Artemisia Gentileschi Betsabea al bagno c. 1636-39 Huile sur toile 185,2 x 145,4 cm Londres, Matthiesen Gallery © The Matthiesen Gallery Londres

Artemisia Gentileschi Betsabea al bagno c. 1640-45 Huile sur toile 288 x 228 cm Collection particulière © Photo Courtesy Sotheby's, Milano

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Artemisia Gentileschi (atelier napolitain de) Susanna e i vecchioni c. 1650 Huile sur toile 168 x 112 cm Bassano de Grappa, Museo Biblioteca e Archivio © Archivio Fotografico del Museo Biblioteca e Archivio di Bassano del Grappa

Artemisia Gentileschi La Vergine offre il rosario al Bambino 1651 Huile sur cuivre appliquée sur toile 59,5 x 38,5 cm Madrid, Patrimonio Nacional © Patrimonio Nacional, Madrid, Palais de la Granja de San Ildefonso

Entourage de Artemisia Gentileschi Allegoria della Retorica c. 1650 Huile sur toile 90 x 72 cm Londres-Milan, Robilant+Voena © Manusardi Art Photo Studio, Milano

Artemisia Gentileschi Giuditta e la fantesca Abra con la testa di Oloferne c. 1645-50 Huile sur toile 235 x 172 cm Cannes, Musée de la Castre © Musée de la Castre, Cannes/Photo Claude Germain

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Artemisia Gentileschi (attr.) Giuditta e la fantesca Abra con la testa di Oloferne c. 1607-10 Huile sur toile 130 x 99 cm Rome, collection Fabrizio Lemme © Mauro Coen

Artemisia Gentileschi Suonatrice 1628-29 Huile sur toile 64 x 78 cm Venise, Collection particulière © ArteFotografica, Roma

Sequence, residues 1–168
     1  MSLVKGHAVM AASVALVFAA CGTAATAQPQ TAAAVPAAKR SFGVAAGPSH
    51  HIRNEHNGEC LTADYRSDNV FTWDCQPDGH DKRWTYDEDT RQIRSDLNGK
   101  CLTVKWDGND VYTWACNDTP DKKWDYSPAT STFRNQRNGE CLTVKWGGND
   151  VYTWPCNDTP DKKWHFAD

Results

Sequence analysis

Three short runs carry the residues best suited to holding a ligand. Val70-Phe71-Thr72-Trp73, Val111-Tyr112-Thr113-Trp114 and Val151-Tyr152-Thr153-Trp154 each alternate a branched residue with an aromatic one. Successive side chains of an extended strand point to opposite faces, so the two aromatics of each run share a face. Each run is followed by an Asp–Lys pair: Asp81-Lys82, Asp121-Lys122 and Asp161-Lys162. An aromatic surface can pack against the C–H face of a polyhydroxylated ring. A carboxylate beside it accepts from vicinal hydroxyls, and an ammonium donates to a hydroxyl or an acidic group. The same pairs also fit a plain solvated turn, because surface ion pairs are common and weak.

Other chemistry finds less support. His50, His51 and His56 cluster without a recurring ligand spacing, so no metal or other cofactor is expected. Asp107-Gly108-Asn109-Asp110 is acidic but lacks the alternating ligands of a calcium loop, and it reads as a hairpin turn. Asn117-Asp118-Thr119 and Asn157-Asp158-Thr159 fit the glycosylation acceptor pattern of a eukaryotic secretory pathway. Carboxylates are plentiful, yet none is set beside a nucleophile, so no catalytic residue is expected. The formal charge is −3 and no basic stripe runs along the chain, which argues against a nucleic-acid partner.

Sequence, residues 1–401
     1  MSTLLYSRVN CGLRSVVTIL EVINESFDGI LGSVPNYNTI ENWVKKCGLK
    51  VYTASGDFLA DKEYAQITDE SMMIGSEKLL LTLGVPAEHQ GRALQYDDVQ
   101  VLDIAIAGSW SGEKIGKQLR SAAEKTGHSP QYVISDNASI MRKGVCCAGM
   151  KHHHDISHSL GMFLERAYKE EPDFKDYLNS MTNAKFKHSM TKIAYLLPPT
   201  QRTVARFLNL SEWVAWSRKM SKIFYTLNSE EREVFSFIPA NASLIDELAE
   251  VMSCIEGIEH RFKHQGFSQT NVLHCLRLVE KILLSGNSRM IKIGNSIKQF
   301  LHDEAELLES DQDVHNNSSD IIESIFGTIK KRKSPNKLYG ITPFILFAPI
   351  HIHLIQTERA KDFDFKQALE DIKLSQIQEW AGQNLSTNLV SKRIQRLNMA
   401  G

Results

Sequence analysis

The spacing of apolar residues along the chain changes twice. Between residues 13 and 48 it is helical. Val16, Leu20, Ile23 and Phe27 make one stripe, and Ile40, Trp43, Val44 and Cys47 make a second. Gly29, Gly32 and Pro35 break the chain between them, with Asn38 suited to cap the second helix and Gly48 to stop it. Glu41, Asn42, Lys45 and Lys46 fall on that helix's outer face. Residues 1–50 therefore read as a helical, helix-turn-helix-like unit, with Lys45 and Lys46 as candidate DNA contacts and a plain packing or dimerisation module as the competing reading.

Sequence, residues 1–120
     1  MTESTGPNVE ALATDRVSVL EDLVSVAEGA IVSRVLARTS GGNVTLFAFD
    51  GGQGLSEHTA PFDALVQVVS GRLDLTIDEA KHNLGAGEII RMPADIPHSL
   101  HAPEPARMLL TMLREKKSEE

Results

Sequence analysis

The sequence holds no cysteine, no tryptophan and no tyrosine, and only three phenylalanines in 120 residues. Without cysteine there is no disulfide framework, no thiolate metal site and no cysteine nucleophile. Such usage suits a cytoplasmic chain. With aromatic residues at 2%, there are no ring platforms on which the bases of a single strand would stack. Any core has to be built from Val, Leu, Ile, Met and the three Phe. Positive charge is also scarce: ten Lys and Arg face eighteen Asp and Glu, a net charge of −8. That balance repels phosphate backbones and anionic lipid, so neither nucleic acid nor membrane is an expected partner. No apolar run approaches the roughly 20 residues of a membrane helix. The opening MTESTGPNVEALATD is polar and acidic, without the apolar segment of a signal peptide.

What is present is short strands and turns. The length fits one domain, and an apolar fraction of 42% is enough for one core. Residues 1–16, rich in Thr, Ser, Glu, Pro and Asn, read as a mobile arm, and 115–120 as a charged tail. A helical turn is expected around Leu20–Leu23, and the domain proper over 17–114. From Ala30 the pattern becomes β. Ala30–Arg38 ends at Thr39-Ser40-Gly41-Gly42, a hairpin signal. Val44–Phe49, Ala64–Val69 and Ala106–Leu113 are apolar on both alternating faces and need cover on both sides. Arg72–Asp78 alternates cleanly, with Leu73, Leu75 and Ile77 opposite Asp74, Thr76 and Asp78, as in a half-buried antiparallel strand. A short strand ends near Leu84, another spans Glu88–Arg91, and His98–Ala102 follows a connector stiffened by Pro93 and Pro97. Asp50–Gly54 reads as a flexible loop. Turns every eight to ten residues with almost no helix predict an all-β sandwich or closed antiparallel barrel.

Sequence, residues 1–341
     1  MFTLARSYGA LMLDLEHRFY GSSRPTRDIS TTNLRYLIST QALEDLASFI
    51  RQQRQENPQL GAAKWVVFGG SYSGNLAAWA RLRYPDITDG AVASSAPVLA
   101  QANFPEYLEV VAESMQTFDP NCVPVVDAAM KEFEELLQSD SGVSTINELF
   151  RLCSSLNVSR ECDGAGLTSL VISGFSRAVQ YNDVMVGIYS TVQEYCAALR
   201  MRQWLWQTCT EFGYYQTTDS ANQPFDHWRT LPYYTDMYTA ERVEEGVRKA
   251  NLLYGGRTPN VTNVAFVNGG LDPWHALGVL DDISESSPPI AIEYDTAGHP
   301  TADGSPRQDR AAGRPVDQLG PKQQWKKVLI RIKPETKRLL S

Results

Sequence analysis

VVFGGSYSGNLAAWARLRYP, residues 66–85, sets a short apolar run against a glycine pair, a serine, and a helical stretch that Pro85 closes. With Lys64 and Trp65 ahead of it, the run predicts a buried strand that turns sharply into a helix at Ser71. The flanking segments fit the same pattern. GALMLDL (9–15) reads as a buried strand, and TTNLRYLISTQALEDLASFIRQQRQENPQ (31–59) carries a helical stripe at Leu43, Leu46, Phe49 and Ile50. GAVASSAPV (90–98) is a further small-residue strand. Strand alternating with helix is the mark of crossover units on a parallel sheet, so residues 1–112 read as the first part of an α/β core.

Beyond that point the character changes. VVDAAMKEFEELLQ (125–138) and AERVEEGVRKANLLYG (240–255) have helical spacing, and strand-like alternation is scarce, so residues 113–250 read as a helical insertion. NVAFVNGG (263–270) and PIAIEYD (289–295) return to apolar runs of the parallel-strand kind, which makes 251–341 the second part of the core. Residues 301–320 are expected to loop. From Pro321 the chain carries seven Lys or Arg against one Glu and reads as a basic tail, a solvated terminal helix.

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6 - Useful information MUSÉE MAILLOL - FONDATION DINA VIERNY 59-61, rue de Grenelle 75007 Paris Tél : 01 42 22 59 58 Fax : 01 42 84 14 44 Métro : Rue du Bac Bus : n° 63, 68, 69, 83, 84 www.museemaillol.com Opening hours The exhibition is open EVERY DAY from 10h30 à 19h, including bank holidays Late opening on Fridays until 21h30 Entrance price Rate : 11 euros Reduced rate : 9 euros Free for the under 11 years old Online ticketing www.museemaillol.com www.fnac.com Restaurant Italian restaurant « La Cortigiana » Open every day from 10h30 to 17h COMMUNICATION CONTACTS Agence Observatoire 68 rue Pernety - 75014 Paris Céline Echinard Tél : 01 43 54 87 71 celine@observatoire.fr www.observatoire.fr Musée Maillol Claude Unger Tél : 06 14 71 27 02 cunger@museemaillol.com Elisabeth Apprédérisse Tél : 01 42 22 57 25 eapprederisse@museemaillol.com